Internet Explorer 9 plays a major game of catch-up, implementing many overdue features. The most notable of these of course is HTML 5. HTML 5, the supposed godsend for the Internet destined to end the tyranny of plug-ins like Flash everywhere, has been sitting on Firefox, Chrome, and Safari for some time now. Still, it is good to see Microsoft joining the fray, and it is holding back no punches in updating support for the new web under HTML 5. It has weighed in on the HTML video wars, showing off H.264 support on YouTube.
Still, IE9 has one ace up its sleeve: Direct2D Acceleration. That’s right, Microsoft has drastically improved the render graphics quality and performance for IE by using hardware acceleration. The result is much smoother HTML 5 video viewing and and SVG rendering than the norm of HTML 5 browsers. There is really no comparison between IE9 and the others for rendering. However, the cost for this is using drivers that only came into play after Windows Vista. You guessed it: there’s no Windows XP support. XP has no future in Microsoft’s world, and it probably shouldn’t in yours either.
If you want to play around with the IE9 platform, feel free to go on its website. IE9 isn’t even in the alpha stages yet, and the platform just renders webpages so far and not much else. You have a pop-up box to input URLs and no forward and back buttons. Still, if you are into web development, it might be worth a look.
Leave it to Microsoft: their products are so bad that many of their employees use the iPhone, which is of course made by Apple, Microsoft’s mortal enemy. There are more than ten thousand iPhone users at Microsoft, judging by statistics of those who accessed the Microsoft employee email system, which is ten percent of the global Microsoft workforce. And apparently if you visit Microsoft’s headquarters in Seattle, you can see tons of Microsoft employees happily using their iPhones.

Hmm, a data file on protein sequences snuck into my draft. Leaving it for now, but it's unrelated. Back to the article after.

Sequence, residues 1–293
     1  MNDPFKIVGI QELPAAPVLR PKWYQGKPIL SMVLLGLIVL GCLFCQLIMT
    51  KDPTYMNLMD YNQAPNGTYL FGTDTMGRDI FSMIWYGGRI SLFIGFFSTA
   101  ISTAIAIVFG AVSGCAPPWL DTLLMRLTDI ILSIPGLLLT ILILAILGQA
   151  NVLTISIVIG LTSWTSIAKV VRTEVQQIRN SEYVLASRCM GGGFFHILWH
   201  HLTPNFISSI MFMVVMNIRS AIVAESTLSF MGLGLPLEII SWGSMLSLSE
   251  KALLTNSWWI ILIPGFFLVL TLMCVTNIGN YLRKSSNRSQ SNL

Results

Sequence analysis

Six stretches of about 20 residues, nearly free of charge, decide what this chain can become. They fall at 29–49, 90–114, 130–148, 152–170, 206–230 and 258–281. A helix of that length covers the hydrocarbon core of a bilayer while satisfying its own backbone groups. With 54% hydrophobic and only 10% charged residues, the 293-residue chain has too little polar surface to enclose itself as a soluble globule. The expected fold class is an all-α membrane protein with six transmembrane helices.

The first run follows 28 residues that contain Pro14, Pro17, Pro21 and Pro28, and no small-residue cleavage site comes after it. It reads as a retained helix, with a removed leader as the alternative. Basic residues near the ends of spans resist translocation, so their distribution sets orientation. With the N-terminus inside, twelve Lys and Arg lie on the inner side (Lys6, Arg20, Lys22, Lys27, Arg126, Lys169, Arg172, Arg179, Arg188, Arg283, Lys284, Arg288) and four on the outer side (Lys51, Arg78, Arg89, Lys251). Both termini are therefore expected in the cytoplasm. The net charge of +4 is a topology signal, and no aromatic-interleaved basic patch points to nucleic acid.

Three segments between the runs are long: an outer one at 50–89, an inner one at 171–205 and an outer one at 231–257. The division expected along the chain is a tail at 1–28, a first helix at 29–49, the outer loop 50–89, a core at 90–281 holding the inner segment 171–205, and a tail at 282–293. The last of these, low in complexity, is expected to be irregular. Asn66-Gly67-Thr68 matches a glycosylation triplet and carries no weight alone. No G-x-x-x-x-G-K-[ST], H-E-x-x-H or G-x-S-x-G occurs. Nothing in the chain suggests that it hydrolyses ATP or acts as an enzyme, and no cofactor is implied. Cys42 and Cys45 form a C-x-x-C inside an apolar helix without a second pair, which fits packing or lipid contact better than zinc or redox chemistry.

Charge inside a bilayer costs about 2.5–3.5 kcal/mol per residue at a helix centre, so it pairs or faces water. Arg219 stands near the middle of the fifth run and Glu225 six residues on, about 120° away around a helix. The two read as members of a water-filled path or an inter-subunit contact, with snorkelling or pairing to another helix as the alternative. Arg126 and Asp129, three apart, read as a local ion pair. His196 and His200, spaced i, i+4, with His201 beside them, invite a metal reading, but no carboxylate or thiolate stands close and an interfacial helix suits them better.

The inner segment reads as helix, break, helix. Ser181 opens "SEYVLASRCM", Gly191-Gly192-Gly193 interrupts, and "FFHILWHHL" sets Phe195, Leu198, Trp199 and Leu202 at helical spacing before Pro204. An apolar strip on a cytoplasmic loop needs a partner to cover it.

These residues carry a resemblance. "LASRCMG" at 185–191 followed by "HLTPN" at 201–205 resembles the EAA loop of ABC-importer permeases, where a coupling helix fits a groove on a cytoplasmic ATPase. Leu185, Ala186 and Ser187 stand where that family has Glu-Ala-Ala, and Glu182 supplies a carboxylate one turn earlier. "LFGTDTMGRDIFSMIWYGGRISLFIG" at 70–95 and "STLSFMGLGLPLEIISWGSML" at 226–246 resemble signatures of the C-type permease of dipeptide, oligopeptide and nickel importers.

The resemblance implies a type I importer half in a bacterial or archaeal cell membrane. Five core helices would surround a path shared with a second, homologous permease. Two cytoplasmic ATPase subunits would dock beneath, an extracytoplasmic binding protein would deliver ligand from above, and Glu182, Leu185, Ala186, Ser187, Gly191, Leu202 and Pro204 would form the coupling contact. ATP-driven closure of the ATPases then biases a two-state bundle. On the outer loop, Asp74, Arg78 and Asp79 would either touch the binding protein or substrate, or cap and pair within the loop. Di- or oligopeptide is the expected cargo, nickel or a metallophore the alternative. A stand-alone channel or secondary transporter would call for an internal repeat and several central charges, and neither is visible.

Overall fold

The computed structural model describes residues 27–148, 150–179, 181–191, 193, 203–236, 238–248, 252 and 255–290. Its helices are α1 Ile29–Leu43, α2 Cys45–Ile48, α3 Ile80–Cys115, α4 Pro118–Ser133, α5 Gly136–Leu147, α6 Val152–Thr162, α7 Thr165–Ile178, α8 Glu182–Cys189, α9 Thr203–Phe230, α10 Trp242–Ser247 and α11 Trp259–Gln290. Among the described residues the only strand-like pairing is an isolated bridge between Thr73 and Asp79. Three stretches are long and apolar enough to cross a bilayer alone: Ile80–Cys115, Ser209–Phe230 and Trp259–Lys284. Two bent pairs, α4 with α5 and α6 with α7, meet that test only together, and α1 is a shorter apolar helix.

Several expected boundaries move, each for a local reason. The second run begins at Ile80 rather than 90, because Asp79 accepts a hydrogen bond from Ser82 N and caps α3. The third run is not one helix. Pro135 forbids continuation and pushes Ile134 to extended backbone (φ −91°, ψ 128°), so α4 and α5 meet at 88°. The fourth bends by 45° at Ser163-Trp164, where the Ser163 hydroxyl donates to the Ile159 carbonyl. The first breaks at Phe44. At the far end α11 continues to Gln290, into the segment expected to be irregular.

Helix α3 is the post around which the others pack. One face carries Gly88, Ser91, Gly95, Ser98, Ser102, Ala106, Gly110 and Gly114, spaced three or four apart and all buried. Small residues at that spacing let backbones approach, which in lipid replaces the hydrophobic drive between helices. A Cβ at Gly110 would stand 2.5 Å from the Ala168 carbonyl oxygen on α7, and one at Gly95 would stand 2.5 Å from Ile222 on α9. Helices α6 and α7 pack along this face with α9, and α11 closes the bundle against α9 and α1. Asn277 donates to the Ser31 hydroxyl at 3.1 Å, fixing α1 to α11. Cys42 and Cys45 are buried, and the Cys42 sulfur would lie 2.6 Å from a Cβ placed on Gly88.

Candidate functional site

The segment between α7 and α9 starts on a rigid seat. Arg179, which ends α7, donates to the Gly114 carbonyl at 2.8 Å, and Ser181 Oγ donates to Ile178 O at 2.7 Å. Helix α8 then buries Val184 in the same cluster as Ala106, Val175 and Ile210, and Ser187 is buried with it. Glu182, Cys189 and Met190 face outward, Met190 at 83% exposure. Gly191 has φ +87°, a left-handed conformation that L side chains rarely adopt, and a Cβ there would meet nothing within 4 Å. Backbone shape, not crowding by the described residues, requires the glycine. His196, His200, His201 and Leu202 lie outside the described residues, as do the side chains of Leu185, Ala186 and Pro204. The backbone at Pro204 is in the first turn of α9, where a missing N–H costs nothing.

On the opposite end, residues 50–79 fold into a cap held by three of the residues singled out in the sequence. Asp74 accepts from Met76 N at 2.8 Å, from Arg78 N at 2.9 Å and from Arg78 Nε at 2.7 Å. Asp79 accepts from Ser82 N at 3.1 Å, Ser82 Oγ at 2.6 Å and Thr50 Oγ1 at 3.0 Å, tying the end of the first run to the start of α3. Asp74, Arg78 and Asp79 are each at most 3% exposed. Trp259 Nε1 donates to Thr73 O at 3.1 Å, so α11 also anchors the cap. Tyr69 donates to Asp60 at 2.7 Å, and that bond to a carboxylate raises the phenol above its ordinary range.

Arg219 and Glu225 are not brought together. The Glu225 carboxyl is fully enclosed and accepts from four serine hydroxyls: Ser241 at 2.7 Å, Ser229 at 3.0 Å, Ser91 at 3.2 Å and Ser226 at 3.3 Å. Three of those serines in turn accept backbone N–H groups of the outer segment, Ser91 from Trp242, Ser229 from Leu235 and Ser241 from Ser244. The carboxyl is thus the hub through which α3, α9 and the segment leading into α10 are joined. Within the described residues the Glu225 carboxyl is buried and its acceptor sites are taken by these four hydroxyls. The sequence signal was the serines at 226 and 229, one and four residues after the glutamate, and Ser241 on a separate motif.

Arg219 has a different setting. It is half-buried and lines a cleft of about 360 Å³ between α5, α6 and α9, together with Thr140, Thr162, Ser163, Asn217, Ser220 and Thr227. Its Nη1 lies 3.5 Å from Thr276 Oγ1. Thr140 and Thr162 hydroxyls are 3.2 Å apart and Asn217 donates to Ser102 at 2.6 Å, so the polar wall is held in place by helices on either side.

iPhone use may be a sort of open secret at Microsoft, but employees usually know better than to let Steve Ballmer, Microsoft’s CEO, know. An employee said in an interview, “Maybe once a year I’m in a meeting with Steve Ballmer. It doesn’t matter who’s calling — I’m not answering my phone.”
Those foolish enough to be seen with a phone in Ballmer’s presence encounter a dramatic but not unsurprising reaction, considering what Steve Ballmer has done in the past. At a recent company meeting, Ballmer grabbed an iPhone from an employee, put it on the ground, and pretended to stomp on it. A Microsoft spokeswoman declined to comment on the story.
Via NYDailyNews, image via NYDailyNews.
In the latest move in the escalating war between Apple and Google, Google’s latest hire has said that he hates Apple’s iPhone.
Tim Bray, a developer advocate for Android who has been recently hired at Google, said, “The iPhone vision of the mobile Internet’s future omits controversy, sex, and freedom, but includes strict limits on who can know what and who can say what.” This harsh characterization of Apple and its iPhone was expressed in a blog post.
Bray’s comment is the latest move in an escalating competition between Apple and Google—a competition so intense that it may be driving Apple and Microsoft to possibly collaborate against Google in the future.
To be fair, Bray does reserve some criticism for Google as well, saying that Google is “now too big to be purely good or in fact purely anything.” He also mentioned the fact that iPhones are selling at a rate of 90,000 units per day and Android devices are selling at a rate of 60,000 units per day, supporting the fact that the competition between the two companies is getting intense.
Via InformationWeek, image via Apple.
Apple’s iPad looks set to be a huge success, and this has competing companies worried. If competing companies do not improve their products that are meant to compete with the iPad, these products simply won’t sell and will be overshadowed by the iPad. Obviously they do not want this to happen, so companies such as Amazon, HP, and Microsoft are hard at work creating products that will be able to compete with the iPad.
Amazon wants to hire a software developer to improve its Kindle by adding web browsing capabilities to it. HP has been heavily promoting its Slate tablet, especially the fact that it will support Adobe Flash (Apple’s mobile devices famously do not support Flash). Even Microsoft has said it intends to make a tablet called the Courier.